Future CMOs: Grand Visionaries, Data Virtuosos—Or Both?

As the world of advertising undergoes a digital evolution, can chief marketing officers merge the storytelling of the TV era with the data-driven insights of today’s digital world?

Future CMOs: Grand Visionaries, Data Virtuosos—Or Both?

In 2016, spending in digital advertising is predicted to surpass that of television advertising. The much-anticipated event is not a surprise given the trend lines.

However, approaching the milestone is giving brands, publishers, and agencies alike cause to reflect on its significance. How should brand CMOs think about marketing in a world in which digital advertising surpasses that of television advertising?

Insight-Driven Or Data-Driven Leaders?

Jake Sorofman, in his HBR article “The Rise of the Digital CMO,” paints a picture of a stark divide between the digital CMO of tomorrow and the traditional CMO of the past. In this view, there is currently a “mismatch between expertise and authority” and only the minority of traditional CMOs will be able to cross the digital divide. The data-driven, test-and-learn, constantly optimizing mindset of the digital marketer is what will be required of CMOs to succeed in the new world.

The opposing viewpoint, represented by Jeff Goodby in a Wall Street Journal blog post, compares digital marketers to plumbers and industrial roofers. In other words, digital marketing is an expanded set of executional levers, but the genius of marketing should continue to reside in insight-driven, big idea marketing vision. In this world, CMOs need to understand the tools but can delegate the execution to a capable digital team without transforming their own ethos.

Big Ideas And Big Data

In reality, the debate between digital and traditional belies the disruption taking place. Rather than digital inevitably surpassing traditional, it is a collision: of top-down and bottom-up; of intuitive and behavioral; of big ideas and big data. It is being driven by industry forces including the massive popularity of digital video, data-driven approaches to traditional television advertising, and the increasing acceptance of digital advertising for “higher funnel” brand marketing.

The Growth Of Digital Video

Forrester’s Luca S. Paderni highlights these forces in his report, ”Predictions 2016: Media’s Unbundling Accelerates,“and states that “TV [is becoming] video and video is TV.” Consumers are already spending 13 hours per month watching video content on desktop and mobile devices, such as YouTube, Sling TV, Hulu, and others. In November of 2015, Facebook announced that it sees an average of 8 billion daily video views, up from 4 billion just seven months prior. The same month, YouTube famously announced that the average time spent per mobile session was a staggering 40 minutes.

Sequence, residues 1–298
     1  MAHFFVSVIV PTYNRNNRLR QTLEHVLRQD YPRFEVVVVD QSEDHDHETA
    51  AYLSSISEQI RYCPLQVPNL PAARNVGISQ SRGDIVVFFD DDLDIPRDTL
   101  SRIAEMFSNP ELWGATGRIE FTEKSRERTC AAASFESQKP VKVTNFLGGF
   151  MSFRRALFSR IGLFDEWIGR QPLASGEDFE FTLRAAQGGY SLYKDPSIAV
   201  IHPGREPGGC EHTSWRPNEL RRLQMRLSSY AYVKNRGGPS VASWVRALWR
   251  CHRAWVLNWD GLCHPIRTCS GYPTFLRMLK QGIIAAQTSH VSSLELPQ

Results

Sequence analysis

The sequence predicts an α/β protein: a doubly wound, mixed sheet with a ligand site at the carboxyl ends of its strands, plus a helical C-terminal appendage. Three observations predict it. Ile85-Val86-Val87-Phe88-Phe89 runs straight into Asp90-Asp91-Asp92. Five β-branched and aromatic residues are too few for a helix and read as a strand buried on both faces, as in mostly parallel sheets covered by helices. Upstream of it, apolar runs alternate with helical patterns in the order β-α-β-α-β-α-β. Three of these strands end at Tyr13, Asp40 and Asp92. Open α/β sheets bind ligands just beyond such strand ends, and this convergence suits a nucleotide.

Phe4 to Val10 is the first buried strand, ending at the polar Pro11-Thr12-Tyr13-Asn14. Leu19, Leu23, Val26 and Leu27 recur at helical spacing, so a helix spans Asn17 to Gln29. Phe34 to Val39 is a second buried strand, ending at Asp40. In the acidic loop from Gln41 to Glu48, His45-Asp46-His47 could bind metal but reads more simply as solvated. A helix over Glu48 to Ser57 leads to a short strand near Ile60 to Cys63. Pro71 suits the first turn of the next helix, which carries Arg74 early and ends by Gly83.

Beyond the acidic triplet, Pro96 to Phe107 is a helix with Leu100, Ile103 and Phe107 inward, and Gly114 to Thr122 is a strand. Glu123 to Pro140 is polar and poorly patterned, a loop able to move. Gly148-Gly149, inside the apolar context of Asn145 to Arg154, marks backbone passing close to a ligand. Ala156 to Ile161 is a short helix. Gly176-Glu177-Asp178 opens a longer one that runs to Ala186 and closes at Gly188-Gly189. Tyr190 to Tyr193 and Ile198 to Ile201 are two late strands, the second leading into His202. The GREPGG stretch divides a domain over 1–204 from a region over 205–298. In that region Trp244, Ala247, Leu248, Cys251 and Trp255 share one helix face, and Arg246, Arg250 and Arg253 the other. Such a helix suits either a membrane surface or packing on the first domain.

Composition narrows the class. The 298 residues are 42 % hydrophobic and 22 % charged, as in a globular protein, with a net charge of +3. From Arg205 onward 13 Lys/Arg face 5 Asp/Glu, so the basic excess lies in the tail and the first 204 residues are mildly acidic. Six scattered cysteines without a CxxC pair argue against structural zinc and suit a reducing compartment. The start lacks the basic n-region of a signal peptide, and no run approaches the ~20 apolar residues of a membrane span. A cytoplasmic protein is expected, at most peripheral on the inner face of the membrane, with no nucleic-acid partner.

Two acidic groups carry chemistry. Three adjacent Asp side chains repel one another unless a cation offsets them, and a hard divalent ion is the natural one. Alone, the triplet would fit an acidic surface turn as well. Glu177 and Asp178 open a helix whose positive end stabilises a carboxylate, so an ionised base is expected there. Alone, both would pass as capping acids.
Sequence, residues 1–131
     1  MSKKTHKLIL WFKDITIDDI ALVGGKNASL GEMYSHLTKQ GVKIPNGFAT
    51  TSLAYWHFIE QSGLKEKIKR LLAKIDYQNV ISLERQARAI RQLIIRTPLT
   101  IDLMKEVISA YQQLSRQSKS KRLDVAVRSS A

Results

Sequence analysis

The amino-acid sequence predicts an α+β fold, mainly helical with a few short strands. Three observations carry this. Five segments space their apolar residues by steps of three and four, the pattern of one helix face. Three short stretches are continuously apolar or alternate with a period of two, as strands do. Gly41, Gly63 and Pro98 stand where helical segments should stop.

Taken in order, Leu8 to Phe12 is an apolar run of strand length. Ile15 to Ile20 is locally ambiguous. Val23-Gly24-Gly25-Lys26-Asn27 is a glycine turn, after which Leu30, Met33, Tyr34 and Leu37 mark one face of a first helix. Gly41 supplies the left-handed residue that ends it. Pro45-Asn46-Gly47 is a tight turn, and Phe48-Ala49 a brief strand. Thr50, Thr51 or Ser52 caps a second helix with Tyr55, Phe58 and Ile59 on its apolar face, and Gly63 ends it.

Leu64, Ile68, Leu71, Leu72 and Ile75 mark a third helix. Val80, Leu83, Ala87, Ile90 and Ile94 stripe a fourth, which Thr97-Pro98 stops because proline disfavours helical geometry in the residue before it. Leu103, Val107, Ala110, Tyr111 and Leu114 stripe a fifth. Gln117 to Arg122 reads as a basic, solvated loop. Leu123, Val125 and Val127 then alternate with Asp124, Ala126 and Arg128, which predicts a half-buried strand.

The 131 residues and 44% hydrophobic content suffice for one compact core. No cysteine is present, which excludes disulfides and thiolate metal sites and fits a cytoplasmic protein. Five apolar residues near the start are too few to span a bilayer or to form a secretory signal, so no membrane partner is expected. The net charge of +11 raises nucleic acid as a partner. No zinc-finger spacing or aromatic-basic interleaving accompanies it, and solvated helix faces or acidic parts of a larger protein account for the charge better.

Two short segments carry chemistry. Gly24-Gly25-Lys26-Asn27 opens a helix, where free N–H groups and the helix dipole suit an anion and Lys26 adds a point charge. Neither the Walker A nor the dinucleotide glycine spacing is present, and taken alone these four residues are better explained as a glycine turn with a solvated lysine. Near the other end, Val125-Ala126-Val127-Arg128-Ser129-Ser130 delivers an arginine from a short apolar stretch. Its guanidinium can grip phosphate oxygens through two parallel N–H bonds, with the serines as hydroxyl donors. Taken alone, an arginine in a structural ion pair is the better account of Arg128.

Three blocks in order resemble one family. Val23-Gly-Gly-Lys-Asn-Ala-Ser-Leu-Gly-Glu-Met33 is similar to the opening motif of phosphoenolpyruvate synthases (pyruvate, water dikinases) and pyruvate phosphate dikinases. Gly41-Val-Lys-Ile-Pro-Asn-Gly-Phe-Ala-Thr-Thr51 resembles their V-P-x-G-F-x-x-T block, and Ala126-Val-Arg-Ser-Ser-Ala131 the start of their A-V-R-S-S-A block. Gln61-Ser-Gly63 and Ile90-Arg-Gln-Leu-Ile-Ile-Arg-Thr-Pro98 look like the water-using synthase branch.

Digital video shares characteristics of both traditional television and digital marketing. Like traditional television advertising, digital video gives brands the ability to connect emotionally with consumers–making crucial the brand-building and creative storytelling skills that CMOs know so well.

The Union Of Digital Video And TV

Yet digital video also comes with addressability—the ability to reach narrow audiences and individuals with personalized marketing, at scale, by automating with technology. These are the skills of the digital marketer—targeting, testing, measuring, optimizing, and mastering the ad tech tools.

Furthermore, targeting audiences through data is also coming to traditional TV. Turner, for example, announced that it is reimagining the traditional TV spot, replacing traditional commercial breaks with longer-form native advertising content, combining their data and content teams and targeting the content across both television and digital.

On the flip side, brand building is increasing in importance within other digital channels. There is mounting evidence through sophisticated attribution tools that brand digital advertising has a significant brand building impact, and brands are moving “up funnel” with digital. Notwithstanding problems around ad blocking, fraud, and viewability, this means that creative storytelling is not just important in video advertising but also applies to other digital channels as well.

In short, CMOs should see the upcoming milestone in deeper terms than just digital overtaking television. It signifies the importance for CMOs to master both the creative storytelling of the TV era with the test, analyze, and optimize mentality of the digital one.